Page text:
Winter Parkers arrested
Two Winter Park residents were allegedly on their way to their home when they were indicted for their alleged roles in a deadly meningitis outbreak.
Carla and Doug Conigliaro were indicted on Dec. 17 in connection with an outbreak of fungal meningitis that infected 687 people and killed 64 others in 20 states back in 2012.
Carla was the majority shareholder and director of the New England Compounding Center – the Massachusetts pharmaceutical company held responsible for the outbreak caused by contaminated steroid injections.
Authorities attributed the contamination to the NECC’s use of expired ingredients and failure to properly sterilize and test medications.
Carla’s husband, Doug, was an owner, director and president of Medical Sales Management, a sales company that falsely claimed the New England Compounding Center was providing the highest quality compounded medications.
The Conigliaros are among a group of 14 people indicted last month, all facing charges that include racketeering and conspiracy.
“They knew that the drugs that eventually killed 64 people and injured hundreds more could not be and should not have been injected into patients,” U.S. Attorney Carmen Ortiz said during a press conference. “Yet they continued to make and sell those drugs, label them as injectable, which meant they were sterile, and dispense them throughout the country.”
“Production and profit were prioritized over safety.”
Carla and Doug Conigliaro were within days of returning to their Winter Park home before they were arrested in Dedham, Mass., according to a source close to the couple. The doctor had developed a good reputation when he had worked as an anesthesiologist in Orlando.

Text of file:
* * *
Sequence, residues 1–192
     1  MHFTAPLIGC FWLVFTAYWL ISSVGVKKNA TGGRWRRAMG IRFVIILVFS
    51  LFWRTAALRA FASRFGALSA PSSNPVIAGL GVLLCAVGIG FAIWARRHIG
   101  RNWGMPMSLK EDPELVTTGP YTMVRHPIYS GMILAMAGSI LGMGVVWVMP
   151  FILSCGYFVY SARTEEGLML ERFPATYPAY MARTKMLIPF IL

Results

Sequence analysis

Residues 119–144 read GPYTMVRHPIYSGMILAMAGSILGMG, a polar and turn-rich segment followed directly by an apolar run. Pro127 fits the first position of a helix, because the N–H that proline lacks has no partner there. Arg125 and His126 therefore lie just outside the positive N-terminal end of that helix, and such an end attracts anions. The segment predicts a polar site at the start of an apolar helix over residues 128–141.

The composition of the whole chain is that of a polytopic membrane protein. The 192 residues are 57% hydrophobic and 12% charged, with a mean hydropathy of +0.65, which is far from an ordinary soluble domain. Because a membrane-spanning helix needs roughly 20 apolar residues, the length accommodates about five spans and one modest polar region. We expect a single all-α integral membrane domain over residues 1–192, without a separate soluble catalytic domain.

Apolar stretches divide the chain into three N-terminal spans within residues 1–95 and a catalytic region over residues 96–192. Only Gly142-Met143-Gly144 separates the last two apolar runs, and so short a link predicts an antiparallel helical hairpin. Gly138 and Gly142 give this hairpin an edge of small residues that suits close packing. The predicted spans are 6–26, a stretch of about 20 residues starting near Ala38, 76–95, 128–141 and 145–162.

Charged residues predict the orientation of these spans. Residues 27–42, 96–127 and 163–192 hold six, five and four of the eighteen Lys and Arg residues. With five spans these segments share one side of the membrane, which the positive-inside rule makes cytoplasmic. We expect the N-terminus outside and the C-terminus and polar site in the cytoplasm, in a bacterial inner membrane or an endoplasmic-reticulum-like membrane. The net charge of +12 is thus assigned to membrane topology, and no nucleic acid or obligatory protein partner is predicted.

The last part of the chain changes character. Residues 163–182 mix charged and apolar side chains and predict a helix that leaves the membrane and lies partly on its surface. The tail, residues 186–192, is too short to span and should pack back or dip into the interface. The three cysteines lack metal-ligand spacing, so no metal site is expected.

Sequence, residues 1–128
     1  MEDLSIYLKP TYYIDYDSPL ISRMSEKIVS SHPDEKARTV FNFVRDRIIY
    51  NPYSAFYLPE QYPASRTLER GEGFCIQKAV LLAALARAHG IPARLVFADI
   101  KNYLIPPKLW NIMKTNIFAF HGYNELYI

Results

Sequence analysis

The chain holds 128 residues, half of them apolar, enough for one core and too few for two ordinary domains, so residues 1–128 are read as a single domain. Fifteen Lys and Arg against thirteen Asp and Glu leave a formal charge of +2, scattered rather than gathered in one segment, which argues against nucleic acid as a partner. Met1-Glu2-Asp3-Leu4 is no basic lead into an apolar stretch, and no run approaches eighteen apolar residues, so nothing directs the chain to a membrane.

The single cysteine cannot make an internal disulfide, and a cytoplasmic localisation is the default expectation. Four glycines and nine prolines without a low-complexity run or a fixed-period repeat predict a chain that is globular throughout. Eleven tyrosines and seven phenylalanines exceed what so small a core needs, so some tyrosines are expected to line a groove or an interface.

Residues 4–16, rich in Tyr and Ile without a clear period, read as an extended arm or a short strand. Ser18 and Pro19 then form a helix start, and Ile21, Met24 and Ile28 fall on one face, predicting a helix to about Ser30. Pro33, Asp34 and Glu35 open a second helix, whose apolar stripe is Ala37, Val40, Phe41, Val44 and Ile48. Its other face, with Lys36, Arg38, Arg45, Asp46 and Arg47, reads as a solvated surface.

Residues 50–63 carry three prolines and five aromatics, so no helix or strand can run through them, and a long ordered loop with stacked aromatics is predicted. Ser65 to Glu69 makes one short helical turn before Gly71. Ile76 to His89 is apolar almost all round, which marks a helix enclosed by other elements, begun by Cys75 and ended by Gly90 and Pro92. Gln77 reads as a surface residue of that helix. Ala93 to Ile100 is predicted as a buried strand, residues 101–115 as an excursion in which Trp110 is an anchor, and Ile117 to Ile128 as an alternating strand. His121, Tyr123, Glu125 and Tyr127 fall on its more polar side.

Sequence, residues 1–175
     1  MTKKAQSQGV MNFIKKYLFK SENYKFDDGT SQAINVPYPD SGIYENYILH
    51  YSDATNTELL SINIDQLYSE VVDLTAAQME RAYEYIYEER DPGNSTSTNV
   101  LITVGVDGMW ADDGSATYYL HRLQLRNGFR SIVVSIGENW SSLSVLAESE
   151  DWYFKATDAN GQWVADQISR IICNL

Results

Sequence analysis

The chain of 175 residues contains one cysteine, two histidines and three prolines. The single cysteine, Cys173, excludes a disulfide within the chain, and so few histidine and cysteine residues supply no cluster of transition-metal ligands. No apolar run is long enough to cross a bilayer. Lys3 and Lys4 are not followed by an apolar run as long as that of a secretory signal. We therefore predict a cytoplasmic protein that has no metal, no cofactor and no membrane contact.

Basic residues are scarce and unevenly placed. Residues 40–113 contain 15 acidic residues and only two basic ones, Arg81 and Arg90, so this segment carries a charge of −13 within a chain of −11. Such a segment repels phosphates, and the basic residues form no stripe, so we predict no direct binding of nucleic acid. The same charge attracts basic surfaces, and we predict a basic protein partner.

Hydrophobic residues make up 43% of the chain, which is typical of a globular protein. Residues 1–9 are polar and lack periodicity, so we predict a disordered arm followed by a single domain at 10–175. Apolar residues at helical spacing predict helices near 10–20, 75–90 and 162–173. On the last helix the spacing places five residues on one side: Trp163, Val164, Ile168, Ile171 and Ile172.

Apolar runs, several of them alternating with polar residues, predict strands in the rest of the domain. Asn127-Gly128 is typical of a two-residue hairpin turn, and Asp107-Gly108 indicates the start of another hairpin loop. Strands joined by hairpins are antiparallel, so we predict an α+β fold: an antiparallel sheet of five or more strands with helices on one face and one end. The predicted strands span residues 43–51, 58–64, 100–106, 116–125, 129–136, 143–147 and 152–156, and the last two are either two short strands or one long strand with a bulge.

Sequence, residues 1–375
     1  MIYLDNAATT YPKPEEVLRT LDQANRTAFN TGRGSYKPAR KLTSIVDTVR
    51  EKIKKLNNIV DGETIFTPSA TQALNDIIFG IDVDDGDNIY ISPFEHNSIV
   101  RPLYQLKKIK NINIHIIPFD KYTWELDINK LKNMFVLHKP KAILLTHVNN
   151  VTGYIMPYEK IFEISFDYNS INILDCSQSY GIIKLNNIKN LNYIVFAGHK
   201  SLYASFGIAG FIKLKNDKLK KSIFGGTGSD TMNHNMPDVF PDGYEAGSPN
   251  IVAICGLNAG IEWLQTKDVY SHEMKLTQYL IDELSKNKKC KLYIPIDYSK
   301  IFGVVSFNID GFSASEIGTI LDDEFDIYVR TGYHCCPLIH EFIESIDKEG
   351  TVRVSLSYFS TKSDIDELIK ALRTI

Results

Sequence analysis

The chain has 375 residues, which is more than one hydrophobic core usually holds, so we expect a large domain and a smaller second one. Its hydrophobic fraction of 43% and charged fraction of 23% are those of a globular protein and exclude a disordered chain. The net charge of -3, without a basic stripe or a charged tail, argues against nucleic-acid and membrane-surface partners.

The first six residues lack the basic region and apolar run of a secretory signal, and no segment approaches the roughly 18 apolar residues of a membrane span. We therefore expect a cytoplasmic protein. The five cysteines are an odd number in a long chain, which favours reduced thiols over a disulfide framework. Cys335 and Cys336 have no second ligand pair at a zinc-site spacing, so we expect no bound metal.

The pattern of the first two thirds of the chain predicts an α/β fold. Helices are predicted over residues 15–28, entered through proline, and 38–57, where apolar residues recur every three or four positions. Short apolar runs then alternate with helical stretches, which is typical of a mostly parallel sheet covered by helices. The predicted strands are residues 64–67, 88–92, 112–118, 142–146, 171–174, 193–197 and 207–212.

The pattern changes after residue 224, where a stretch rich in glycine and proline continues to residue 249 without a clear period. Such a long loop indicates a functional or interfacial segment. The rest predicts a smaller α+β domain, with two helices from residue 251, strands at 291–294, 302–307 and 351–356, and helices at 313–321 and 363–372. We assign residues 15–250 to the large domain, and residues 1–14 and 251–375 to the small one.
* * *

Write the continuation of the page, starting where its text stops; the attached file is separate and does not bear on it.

The couple were specifically charged with transferring assets following the fungal meningitis outbreak. The NECC declared bankruptcy and the bankruptcy court ordered the shareholders not to transfer assets, yet Carla and Doug allegedly transferred approximately $33.3 million to eight different bank accounts opened after the bankruptcy.
New England Compounding Center owner and head pharmacist Barry Cadden and supervising pharmacist Glenn Chin meanwhile face life in prison, charged with 25 acts of second-degree murder.
“With the indictment and these arrests, the Department of Justice is taking decisive action to hold these individuals accountable for their alleged participation in grievous wrongdoing,” said Attorney General Eric Holder in a news release. “Actions like the ones alleged in this case display not only a reckless disregard for health and safety regulations, but also an extreme and appalling indifference to human life.”
The indictment further accuses the NECC of routinely dispensing drugs in bulk without valid prescriptions, even allegedly using fictional and celebrity names such as “Big Baby Jesus,” “Wonder Woman,” “Jennifer Lopez” and “Michael Jackson” on fake prescriptions.
Trial dates have yet to be announced for the 14 defendants.